Lake Mead drops to historic low
LAS VEGAS (AP) — Once-teeming Lake Mead marinas are idle as a 14-year drought steadily drops water levels to historic lows. Officials from nearby Las Vegas are pushing conservation but also are drilling a new pipeline to keep drawing water from the lake.
Hundreds of miles away, farmers who receive water from the lake behind Hoover Dam are preparing for the worst.
The receding shoreline at one of the main reservoirs in the vast Colorado River water system is raising concerns about the future of a network serving a perennially parched region of 4 million acres that is home to 40 million people.
By 2016, continued drought could trigger cuts in water deliveries. While water authorities say they’ve been saving water for potential dry days, the prospect of the first cuts is already prompting action.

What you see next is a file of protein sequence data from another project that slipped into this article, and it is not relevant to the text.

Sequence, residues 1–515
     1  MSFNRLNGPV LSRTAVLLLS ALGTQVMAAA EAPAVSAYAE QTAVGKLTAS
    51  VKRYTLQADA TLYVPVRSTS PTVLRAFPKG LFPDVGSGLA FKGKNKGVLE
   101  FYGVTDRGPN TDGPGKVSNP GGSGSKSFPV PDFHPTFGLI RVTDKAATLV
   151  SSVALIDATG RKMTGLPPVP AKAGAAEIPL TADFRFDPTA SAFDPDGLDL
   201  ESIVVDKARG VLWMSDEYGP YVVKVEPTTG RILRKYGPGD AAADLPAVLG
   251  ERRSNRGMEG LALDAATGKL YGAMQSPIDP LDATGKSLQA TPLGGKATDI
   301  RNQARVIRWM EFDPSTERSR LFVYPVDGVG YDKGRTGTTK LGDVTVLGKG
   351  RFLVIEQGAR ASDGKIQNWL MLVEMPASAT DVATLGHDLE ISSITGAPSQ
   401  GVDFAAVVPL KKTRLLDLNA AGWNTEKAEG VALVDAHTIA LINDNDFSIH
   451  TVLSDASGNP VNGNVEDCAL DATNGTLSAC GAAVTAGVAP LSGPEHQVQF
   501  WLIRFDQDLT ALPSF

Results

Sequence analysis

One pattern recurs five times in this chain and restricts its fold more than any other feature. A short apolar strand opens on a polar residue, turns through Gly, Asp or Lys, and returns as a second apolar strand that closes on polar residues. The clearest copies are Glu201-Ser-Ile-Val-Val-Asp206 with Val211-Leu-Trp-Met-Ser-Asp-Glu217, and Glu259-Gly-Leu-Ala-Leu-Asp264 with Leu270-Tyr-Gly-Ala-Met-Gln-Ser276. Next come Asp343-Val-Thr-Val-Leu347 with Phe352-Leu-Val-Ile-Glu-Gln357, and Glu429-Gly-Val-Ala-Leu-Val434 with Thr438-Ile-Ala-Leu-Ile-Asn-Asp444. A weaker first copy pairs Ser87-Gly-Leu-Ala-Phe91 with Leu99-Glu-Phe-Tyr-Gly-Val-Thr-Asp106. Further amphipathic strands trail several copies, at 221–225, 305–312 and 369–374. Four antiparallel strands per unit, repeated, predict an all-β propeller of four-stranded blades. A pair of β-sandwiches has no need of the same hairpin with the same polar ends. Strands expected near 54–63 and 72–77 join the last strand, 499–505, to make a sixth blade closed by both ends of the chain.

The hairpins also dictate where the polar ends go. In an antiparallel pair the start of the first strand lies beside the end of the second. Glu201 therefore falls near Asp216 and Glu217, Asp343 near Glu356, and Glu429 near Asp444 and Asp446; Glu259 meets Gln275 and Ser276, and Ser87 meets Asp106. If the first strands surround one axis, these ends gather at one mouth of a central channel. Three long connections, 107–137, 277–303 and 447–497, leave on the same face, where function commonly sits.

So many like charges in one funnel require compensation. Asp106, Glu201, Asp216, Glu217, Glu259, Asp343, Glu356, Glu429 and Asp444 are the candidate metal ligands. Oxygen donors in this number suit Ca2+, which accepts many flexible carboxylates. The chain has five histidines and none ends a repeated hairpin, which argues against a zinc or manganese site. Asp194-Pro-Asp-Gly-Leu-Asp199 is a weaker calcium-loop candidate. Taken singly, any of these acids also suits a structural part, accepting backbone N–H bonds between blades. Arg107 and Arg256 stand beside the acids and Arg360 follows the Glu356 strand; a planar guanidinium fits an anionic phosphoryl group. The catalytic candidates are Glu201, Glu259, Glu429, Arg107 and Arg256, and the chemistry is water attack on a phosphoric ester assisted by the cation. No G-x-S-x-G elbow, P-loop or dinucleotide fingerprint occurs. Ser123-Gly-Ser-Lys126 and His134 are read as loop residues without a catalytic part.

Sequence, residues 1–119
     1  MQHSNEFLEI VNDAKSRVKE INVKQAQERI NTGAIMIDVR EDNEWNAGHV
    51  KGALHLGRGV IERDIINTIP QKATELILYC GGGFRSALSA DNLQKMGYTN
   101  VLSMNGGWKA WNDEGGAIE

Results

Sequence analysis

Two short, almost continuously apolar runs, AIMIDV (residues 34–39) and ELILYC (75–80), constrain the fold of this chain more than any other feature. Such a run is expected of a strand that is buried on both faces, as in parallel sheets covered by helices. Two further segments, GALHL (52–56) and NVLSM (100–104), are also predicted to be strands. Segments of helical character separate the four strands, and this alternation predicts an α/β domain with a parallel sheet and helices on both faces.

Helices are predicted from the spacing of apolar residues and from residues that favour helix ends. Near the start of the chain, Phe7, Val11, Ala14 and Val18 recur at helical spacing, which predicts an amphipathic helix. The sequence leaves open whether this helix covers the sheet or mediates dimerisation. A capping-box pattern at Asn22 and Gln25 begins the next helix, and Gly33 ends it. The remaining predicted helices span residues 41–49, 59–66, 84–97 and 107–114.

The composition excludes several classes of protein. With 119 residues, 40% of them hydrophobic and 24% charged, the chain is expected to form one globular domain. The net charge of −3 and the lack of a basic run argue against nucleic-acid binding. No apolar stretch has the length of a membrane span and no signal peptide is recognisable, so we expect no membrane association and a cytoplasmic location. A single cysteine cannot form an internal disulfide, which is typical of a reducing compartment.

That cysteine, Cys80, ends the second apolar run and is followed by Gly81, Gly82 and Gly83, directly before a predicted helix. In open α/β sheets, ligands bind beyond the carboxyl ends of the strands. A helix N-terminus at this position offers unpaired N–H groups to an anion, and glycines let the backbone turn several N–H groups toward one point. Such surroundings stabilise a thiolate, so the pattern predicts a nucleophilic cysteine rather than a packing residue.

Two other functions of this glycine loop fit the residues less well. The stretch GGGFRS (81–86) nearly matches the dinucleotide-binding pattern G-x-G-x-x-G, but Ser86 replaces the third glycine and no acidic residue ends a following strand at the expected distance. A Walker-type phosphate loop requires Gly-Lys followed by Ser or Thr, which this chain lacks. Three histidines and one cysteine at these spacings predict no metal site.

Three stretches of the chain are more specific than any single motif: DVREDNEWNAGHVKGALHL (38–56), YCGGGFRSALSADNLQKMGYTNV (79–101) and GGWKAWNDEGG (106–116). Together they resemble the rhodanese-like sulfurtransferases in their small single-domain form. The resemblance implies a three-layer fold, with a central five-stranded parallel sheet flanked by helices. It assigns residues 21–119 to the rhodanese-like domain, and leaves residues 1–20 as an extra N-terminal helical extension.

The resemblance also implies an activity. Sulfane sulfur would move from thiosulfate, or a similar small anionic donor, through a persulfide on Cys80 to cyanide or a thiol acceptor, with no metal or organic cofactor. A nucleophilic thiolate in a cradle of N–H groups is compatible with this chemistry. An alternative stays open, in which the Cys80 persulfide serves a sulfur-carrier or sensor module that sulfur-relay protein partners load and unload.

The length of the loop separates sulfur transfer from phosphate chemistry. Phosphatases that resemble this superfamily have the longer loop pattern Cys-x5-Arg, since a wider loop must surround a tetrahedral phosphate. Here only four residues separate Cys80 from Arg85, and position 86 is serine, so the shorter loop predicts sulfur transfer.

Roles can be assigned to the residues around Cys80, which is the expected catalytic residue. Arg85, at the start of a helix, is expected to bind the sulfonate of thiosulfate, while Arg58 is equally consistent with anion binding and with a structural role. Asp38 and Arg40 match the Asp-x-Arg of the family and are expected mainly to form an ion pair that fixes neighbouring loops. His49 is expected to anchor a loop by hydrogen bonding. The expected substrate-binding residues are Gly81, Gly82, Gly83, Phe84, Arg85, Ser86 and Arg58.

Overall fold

“I’ve downsized in the last couple of years, probably a good thing the way this water shortage is going,” said farmer Dennis Bagnall, who has planted just 225 of the 1,500 acres that are typically green this time of year on his farm south of Phoenix.
Last week, officials announced an $11 million pilot program involving the federal government and water agencies in Denver, Los Angeles, Las Vegas and Phoenix to pay farmers, cities and industries to reduce river water use.
Lake Mead supplies water to California, Arizona, Colorado, New Mexico, Nevada, Utah, Wyoming and part of Mexico.
PHOTO: A ring of light minerals shows the high water line near Hoover Dam on Lake Mead in Nevada. (John Locher/Associated Press)